JPMorgan Chase follows Bank of America who said in their annual report that some customers were leaving for crypto. JP Morgan last month stated that blockchain has vast potential and many areas of application
JPMorgan Chase has released an annual report citing cryptocurrency as risk factors for its business. The bank recognizes cryptocurrency as a competition that could give it a run for their money.
It is happening for the first time. It comes after the bank issued a separate 71-page document last month detailing the technology behind cryptocurrencies and saying it has vast potential.
The annual report says,
“Both financial institutions and their non-banking competitors face the risk that payment processing and other services could be disrupted by technologies, such as cryptocurrencies, that require no intermediation.”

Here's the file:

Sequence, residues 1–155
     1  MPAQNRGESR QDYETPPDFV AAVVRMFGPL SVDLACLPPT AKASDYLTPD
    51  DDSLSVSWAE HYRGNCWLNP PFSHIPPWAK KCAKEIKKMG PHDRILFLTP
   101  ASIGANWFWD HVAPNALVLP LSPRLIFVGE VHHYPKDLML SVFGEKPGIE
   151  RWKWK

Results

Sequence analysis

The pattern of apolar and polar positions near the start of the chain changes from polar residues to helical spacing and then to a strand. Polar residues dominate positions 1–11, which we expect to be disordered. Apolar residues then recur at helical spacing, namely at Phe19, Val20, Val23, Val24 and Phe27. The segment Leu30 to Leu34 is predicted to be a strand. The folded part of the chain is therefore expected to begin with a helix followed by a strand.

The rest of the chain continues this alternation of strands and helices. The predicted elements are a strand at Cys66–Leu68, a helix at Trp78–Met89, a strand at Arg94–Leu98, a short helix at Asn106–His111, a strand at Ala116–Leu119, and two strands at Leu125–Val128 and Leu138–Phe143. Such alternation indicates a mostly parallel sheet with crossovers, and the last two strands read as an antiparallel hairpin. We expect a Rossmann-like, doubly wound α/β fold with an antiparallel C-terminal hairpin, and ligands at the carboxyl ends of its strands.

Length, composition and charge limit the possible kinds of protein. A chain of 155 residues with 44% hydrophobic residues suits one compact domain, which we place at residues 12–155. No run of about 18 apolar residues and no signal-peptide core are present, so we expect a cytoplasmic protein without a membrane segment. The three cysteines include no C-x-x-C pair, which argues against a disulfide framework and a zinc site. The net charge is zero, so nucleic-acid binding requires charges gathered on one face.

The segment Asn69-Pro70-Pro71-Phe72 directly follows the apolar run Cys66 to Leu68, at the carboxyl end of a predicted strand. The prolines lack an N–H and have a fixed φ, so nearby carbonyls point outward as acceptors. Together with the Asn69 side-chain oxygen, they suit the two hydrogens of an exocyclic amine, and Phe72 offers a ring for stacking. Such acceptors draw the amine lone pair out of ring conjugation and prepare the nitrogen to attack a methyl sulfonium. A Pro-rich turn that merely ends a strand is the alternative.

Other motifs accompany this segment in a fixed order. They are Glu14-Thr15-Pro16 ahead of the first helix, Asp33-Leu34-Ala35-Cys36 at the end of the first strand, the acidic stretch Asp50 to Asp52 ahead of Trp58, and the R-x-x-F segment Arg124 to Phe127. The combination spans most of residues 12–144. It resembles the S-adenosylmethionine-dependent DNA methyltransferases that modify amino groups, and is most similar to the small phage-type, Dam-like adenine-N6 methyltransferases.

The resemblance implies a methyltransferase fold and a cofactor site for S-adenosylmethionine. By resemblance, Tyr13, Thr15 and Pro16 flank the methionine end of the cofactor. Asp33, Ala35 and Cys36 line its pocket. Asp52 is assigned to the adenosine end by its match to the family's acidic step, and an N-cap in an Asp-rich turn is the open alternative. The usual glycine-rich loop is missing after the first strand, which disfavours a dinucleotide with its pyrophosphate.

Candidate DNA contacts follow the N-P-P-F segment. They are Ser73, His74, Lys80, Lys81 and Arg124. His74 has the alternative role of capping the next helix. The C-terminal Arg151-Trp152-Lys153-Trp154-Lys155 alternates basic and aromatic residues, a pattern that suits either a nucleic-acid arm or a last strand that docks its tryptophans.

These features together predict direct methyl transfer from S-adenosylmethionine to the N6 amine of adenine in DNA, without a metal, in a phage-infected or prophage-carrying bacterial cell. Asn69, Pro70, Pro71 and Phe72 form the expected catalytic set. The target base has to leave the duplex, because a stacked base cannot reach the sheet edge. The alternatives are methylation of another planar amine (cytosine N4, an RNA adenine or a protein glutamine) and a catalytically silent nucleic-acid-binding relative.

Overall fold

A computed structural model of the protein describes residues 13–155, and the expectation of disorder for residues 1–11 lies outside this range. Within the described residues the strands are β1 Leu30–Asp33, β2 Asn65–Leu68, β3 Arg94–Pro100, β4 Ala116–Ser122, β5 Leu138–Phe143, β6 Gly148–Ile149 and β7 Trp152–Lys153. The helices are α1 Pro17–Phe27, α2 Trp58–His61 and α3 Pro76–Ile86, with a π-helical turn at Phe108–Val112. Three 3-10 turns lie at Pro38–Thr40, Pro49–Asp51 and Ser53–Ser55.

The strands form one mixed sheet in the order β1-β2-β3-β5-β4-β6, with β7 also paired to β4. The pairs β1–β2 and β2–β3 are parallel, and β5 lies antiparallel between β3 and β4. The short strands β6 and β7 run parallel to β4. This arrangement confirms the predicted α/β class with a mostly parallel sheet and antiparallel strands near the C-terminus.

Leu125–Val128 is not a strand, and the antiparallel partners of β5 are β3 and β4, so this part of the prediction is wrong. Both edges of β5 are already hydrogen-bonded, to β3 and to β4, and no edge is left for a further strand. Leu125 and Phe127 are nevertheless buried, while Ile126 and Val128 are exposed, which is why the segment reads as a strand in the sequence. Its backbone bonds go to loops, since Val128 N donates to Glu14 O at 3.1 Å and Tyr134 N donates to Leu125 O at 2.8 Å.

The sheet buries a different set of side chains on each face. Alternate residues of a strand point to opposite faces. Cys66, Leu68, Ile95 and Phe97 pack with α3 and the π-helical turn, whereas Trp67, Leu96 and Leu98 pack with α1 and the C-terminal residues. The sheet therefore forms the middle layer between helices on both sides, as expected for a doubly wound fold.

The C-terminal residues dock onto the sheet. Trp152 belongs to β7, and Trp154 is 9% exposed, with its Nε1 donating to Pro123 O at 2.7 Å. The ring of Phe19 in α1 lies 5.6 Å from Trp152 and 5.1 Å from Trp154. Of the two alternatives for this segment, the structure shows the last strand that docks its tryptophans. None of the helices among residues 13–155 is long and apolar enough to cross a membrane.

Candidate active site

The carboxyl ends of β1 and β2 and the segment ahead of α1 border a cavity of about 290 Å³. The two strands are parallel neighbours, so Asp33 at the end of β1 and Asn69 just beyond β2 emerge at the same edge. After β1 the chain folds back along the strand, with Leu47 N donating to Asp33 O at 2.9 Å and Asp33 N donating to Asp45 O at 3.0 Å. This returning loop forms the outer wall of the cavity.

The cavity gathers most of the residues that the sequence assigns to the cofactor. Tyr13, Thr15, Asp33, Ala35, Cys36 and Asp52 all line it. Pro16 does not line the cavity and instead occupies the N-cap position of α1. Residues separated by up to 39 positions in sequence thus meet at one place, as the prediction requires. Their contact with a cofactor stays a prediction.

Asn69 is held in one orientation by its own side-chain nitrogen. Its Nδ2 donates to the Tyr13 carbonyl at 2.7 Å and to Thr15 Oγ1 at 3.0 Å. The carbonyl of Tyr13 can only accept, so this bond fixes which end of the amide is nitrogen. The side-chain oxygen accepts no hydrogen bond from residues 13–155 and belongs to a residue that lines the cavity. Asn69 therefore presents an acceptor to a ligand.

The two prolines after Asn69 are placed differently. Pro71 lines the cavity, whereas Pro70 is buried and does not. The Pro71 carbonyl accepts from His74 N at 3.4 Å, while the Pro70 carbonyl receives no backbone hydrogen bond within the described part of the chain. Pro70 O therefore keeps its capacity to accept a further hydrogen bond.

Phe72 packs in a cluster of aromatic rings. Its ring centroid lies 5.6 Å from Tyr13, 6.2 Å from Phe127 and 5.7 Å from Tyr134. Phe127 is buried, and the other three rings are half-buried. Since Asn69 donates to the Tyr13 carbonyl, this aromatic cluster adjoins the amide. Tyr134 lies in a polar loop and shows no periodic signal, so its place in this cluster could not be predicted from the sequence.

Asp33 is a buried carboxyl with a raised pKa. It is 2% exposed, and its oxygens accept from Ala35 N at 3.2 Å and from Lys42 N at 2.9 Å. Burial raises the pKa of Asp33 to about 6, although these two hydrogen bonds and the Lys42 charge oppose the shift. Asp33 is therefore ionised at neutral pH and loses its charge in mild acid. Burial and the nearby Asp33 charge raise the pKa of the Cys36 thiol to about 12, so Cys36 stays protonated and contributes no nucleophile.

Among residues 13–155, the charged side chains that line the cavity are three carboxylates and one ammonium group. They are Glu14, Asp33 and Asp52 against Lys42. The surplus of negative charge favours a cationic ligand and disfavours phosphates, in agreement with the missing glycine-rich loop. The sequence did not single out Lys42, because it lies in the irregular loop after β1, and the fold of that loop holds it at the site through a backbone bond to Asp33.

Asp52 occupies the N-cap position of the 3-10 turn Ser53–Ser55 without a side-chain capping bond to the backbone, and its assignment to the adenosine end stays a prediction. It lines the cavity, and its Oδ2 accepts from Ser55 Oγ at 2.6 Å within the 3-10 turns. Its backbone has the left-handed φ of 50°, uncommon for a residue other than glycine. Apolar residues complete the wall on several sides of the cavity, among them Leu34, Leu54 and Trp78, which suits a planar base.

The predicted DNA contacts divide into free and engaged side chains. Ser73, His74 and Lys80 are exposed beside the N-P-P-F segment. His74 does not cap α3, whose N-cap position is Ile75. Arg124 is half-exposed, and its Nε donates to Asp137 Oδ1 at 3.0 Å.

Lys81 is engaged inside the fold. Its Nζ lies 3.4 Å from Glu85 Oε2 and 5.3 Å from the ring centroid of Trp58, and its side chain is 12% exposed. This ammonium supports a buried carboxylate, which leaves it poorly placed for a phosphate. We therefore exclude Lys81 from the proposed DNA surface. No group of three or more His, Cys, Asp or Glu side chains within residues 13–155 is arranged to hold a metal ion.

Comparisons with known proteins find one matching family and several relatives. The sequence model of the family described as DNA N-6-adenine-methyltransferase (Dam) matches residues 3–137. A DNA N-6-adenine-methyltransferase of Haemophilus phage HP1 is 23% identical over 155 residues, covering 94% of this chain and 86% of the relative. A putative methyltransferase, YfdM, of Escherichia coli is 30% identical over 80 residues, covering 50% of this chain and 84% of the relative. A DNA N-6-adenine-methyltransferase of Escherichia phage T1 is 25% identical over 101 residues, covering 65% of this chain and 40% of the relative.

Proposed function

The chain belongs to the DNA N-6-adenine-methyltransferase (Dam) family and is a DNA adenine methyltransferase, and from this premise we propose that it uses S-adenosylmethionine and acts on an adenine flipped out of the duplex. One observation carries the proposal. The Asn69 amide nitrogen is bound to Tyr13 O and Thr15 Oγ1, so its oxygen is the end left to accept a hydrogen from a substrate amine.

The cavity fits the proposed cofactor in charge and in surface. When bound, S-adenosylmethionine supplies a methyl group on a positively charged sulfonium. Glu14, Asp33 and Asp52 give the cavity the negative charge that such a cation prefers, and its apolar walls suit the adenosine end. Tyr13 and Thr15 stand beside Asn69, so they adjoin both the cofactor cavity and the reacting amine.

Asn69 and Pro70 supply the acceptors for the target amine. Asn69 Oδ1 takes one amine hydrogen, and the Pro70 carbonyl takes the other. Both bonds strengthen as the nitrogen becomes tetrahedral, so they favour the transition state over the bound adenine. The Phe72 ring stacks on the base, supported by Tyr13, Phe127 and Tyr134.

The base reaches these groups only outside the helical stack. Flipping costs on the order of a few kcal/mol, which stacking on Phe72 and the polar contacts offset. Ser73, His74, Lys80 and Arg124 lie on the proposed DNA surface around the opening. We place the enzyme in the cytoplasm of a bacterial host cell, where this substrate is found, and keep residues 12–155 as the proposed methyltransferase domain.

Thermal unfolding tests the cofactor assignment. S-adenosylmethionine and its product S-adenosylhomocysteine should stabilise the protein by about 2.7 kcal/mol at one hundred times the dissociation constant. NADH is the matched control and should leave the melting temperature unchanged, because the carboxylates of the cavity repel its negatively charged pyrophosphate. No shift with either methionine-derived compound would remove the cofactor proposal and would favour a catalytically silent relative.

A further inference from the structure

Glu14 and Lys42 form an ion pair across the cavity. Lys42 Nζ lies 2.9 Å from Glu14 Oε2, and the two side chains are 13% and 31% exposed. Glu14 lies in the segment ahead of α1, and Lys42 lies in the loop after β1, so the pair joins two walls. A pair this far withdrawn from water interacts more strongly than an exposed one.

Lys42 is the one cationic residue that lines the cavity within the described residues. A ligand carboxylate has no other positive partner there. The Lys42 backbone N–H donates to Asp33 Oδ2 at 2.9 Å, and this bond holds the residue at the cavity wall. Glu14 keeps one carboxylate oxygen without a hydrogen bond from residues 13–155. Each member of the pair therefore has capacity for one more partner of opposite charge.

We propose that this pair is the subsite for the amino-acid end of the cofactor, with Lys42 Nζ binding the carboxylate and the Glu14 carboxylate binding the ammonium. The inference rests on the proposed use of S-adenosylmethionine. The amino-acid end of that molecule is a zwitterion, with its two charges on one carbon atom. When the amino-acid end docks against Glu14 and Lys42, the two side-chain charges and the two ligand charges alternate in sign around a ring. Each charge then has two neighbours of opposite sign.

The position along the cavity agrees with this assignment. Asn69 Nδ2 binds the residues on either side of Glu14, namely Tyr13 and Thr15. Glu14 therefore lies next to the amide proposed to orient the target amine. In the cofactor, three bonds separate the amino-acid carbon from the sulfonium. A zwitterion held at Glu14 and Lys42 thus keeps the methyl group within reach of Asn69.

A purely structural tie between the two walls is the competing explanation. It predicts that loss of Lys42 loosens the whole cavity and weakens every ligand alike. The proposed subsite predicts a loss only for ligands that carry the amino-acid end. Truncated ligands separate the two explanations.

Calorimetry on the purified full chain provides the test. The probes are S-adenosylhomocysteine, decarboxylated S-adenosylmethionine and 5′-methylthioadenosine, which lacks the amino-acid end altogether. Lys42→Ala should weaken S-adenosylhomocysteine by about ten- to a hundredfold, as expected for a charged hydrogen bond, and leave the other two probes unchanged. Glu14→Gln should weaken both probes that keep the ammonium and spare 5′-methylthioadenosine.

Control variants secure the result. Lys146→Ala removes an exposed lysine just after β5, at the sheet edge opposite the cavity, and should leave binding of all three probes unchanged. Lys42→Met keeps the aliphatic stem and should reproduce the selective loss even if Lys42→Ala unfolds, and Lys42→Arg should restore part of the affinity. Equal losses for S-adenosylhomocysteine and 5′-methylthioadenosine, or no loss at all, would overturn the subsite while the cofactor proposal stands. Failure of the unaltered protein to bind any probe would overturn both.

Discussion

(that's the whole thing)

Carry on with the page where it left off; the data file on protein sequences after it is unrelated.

In its earlier February document on cryptocurrency, the bank played down the threats saying such disruption would not come so quickly. However, it said the technology is not possible to ignore.
“We would note that it is not pre-ordaining that cryptocurrencies will succeed as there are valid concerns about what economic value they contribute. But in a time of rapid innovation, many new products will are often-and-errored. We believe the potential disruption from Blockchain cannot be ignored.”
The bank said cryptocurrencies have large applications where traditional banking systems are inadequate.
JP Morgan Chase caught the attention of crypto enthusiasts last year in contrasting statements. However, the bank revised its position about cryptocurrencies. It later announced it could allow customers to trade in Bitcoin futures.
The bank says in its annual report that it had to adapt by modifying its products to attract and retain customers. This was also an attempt to compete with new offerings from tech startups. It says this trend will continue.
Bank of America also noted crypto as risky
Another competitor, Bank of America also admitted in its annual report last week that some customers were leaving for products and services that the bank referred as speculative or risky such as cryptocurrencies.